For strategic industries such as semiconductors or pharmaceuticals, very limited reshoring of the supply chain will change as a result of a point strategy. Europe seeks to double its share of the global semiconductor manufacturing market to 20% by 2030. That being said, even those industries that are not seen as strategic will adjust production themselves. 46% of German companies receive significant inputs of products from China, with almost half of these planning to reduce their dependency.

As far as energy resources and critical raw materials go, something else will need to be implemented. Resources are distributed unevenly across the globe and cannot be replaced by domestic alternatives. More often than not, regions will have to source their critical resources from a smaller number of potential suppliers. On top of that, they will have to do it in the context of a green transition that is making certain raw materials, such as copper, cobalt, and nickel, more critical than others. In light of this, a new geopolitical race for access to resources is likely to begin. Achieving greater security will obviously entail great costs.

The third shift is from globalization to regionalization

In the context of a changing geopolitical landscape, global export markets may turn out to be not as open and reliable as they used to be. And so, the possibility of insuring against business cycle risks by “rotating” demand across several trading partners may end up becoming more limited.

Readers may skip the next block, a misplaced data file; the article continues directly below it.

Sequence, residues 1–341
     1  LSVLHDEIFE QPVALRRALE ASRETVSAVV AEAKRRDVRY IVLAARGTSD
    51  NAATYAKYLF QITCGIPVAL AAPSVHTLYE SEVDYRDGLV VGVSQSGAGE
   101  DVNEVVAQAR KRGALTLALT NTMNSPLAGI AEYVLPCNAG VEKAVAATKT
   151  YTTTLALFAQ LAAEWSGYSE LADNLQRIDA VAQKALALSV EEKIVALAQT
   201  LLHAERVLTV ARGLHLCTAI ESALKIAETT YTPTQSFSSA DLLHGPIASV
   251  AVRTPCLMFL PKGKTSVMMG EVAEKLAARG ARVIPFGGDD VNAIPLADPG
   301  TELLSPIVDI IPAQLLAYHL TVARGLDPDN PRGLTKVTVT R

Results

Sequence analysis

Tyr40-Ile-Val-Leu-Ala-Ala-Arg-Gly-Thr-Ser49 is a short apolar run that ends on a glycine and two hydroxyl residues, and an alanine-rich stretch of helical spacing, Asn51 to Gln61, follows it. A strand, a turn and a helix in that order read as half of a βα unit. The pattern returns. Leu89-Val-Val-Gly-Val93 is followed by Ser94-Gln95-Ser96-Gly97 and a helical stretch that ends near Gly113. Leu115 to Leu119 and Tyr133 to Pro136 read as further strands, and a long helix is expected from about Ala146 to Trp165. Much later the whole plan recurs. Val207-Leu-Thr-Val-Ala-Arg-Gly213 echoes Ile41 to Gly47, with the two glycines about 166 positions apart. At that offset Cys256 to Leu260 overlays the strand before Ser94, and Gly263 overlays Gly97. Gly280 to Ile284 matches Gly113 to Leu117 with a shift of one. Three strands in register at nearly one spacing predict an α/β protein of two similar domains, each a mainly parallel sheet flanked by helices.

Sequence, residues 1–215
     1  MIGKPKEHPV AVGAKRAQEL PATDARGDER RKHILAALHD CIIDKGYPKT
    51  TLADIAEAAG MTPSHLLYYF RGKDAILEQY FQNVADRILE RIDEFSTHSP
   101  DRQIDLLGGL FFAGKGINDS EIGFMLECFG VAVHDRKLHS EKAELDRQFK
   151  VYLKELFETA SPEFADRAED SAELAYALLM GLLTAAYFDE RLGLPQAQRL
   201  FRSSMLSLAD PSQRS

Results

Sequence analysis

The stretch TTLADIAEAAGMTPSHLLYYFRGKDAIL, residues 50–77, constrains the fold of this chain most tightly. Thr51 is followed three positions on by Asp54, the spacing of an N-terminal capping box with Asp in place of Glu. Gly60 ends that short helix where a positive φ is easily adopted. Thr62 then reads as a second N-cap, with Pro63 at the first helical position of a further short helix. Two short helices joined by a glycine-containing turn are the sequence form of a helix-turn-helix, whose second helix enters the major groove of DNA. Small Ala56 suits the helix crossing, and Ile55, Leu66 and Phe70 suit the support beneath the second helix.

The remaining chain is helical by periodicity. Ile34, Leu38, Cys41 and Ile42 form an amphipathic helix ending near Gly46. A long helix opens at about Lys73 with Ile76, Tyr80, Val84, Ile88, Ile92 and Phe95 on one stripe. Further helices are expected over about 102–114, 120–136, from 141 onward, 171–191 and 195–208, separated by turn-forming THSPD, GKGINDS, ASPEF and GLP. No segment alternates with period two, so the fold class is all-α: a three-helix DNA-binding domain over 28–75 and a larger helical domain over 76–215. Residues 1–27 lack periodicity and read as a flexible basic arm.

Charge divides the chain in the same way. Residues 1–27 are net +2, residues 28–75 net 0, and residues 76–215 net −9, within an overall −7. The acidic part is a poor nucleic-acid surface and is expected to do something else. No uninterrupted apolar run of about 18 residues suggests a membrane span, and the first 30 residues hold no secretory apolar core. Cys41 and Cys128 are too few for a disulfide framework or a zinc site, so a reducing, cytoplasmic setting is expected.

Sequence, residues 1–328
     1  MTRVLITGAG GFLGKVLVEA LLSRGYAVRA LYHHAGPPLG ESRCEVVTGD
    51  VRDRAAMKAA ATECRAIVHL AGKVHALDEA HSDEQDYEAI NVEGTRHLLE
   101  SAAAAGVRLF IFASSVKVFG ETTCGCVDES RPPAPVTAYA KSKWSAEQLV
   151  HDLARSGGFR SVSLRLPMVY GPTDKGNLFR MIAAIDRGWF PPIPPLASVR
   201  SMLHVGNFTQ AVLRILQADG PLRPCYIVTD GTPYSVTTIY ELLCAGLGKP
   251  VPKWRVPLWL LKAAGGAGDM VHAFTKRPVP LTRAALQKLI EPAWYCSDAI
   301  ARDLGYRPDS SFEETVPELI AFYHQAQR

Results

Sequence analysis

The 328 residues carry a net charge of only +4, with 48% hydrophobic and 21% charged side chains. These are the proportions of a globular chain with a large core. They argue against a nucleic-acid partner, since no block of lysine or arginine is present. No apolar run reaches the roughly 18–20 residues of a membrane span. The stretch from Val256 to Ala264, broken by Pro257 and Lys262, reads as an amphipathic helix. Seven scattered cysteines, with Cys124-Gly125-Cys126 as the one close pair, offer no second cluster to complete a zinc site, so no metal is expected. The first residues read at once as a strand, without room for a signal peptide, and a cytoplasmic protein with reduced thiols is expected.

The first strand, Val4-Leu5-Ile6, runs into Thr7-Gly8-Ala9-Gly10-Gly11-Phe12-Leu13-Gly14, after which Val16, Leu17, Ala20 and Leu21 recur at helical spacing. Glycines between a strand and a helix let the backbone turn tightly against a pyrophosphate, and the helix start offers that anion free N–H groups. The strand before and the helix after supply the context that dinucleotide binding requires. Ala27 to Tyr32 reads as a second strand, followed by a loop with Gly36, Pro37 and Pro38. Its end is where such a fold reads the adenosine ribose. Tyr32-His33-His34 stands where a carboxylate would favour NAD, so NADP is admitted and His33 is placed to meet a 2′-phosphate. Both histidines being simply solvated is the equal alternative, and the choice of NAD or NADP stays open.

Considering the high exposure to global trade, this change may have a significant impact on Europe. Between 2010 and 2014, the external demand as a share of the euro area GDP more than doubled while Europe was recovering from the global financial crisis. However, this emergency valve designed to relieve pressure from shocks may weaken if other regions start turning inward.

On top of that, the transition costs linked to a large-scale reorientation of supply will be quite substantial. For example, creating entirely domestic semiconductor supply chains in the United States may cost up to $1 trillion, which is basically twice the value of the global semiconductor market. Aside from that, a quick shift from the cheaper to higher-cost suppliers may have a significant impact on the price dynamics, at least during the transition period.

In this context, the first best option will be to protect the rules-based multilateral trading system that has stimulated the growth of global trade. Regionalization as a Plan B may offer some of the benefits of globalization on a smaller scale and minimize these costs.